Christ teaches us in the Gospel of Luke that Satan has personally requested to have Peter (Simon). He is on a particular mission to destroy the faith of Peter. Knowing that Peter has received the keys of the Kingdom as the chief leader of the Church, Satan strikes at the center to scatter the flock of Christ--he goes after the shepherd.
The Church understands that this passage is not only referring to the person Peter (Simon) but also to the successors of Peter. Christ is saying that this is how it will always be in the Church. Much like there will always be enmity between the Woman and the Serpent (Genesis 3:15), so too will Satan always seek to sift Peter. Until the end of the world Satan will plead to sift Peter in his successors. He is bent on destroying the faith of the occupant of the Chair of Peter.
Given the prophetic words of Christ, we are able to better understand why our present pope is surrounded by many prelates proposing heretical doctrines, conniving to implement their own agendas. Satan is doing whatever he can to destroy the faith of Peter by surrounding him with wicked men and much noise. He is attempting to sift Peter as wheat.
“Get thee behind me, Satan!” (Matthew 16:23)
So great is this intent to destroy the faith of Peter that Christ, right after handing the keys of the Kingdom to him, identifies Peter as Satan: “Get thee behind me, Satan!” To sit in the Chair of Peter comes with this terrible weight: Satan desires to make Peter his mouthpiece, even to identify himself as Peter. Where Peter is, there Satan desires to be--a demonic mockery of the early Church's dictum: "Where Peter is, there is the Church."
“And I tell you, you are Peter, and on this rock I will build my Church, and the gates of hell shall not prevail against it. I will give you the keys of the kingdom of heaven, and whatever you bind on earth shall be bound in heaven, and whatever you loose on earth shall be loosed in heaven." (Matthew 16:18-19)
With the certainty of supernatural Faith we know that Peter will not formally teach heretical doctrines because the Holy Spirit will preserve the Church in truth until the end of the world. But this same promise of our Lord to Peter entails that the gates of Hell will attempt to lay waste the Office of St. Peter. Christ’s promise of indefectibility and infallibility is inseparable from the onslaught of demonic forces against the Barque of Peter.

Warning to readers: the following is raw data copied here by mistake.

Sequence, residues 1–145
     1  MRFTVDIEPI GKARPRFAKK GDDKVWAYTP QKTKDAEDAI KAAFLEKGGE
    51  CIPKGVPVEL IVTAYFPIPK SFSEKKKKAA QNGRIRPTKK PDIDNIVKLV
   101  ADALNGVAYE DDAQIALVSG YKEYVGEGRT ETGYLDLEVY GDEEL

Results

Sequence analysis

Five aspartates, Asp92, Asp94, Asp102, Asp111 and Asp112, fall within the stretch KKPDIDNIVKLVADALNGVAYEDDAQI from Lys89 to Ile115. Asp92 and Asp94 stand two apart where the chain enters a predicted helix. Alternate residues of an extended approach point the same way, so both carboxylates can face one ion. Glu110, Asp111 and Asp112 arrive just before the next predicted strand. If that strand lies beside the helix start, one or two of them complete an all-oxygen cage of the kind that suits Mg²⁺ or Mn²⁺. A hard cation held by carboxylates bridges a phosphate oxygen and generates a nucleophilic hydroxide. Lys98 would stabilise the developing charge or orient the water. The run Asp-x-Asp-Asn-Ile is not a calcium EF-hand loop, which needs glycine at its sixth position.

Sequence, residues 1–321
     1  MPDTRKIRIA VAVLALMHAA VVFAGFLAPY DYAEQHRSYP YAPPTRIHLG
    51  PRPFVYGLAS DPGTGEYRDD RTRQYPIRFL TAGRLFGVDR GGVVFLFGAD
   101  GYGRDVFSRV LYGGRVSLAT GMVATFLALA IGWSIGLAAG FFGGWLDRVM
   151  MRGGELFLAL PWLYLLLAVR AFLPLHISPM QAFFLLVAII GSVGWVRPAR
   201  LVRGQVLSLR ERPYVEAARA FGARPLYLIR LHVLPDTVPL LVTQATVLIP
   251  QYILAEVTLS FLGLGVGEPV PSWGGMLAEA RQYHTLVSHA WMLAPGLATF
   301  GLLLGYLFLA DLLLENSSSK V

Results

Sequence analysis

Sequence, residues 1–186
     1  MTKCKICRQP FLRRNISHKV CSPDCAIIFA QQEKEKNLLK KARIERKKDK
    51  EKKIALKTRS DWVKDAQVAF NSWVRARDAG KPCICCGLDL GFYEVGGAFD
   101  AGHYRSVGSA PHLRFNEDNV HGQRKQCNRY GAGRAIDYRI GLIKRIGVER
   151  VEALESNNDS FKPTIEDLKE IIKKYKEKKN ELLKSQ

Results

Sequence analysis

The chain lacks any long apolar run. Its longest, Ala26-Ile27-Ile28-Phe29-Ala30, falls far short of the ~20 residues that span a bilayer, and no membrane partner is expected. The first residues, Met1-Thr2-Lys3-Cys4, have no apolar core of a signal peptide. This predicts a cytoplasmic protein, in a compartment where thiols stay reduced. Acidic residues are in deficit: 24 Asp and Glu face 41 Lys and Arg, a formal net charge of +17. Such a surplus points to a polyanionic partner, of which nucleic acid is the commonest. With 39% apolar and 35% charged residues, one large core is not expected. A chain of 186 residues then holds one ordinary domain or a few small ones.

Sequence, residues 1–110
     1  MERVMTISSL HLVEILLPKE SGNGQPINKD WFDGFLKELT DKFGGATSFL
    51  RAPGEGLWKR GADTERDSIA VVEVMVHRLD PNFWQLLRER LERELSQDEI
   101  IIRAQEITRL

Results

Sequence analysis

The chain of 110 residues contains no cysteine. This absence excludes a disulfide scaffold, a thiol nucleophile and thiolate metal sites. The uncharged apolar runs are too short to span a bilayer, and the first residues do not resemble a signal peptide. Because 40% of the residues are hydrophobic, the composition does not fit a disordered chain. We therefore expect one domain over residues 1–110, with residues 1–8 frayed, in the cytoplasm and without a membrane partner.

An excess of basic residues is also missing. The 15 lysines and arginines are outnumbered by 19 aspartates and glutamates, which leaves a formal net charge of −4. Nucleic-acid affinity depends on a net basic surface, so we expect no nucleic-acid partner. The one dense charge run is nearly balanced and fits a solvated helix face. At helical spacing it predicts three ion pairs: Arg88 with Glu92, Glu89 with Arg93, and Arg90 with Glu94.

Certainly the "gates of Hell will not prevail,” but such an assertion by our Lord entails that Hell's mission is to strike at the Church's center, the papacy. Because the Catholic Church is the one Church of Jesus Christ we must expect her center to be the magnetic pole to which all the forces of Hell are attracted. In fact, Christ’s declaration to Peter reveals to all of Hell where the demonic forces should strike. Just as Satan immediately tempted Christ after his baptism, so too Satan and Hell are ready to pounce on the one who had just received the keys of the Kingdom.
The growth of heresy and corruption within the Church even among her hierarchy is not a new phenomenon. The Church has faced this from the beginning--the Arian bishops of the 4th century and the 10th century papacy come to mind. These are major wounds inflicted on the Body of Christ throughout world history. As the Body of Christ, the Church will bear the scourging and thorns that her Head bore in his physical body while He was on earth. Just as Christ was betrayed by one of his disciples, just as he was denounced by His friends, so too the Bride of Christ is betrayed by even her own priests. Throughout the centuries the Church suffers the heretical opinions of her representatives “making up what is lacking in the sufferings of Christ” (Colossians 1:24).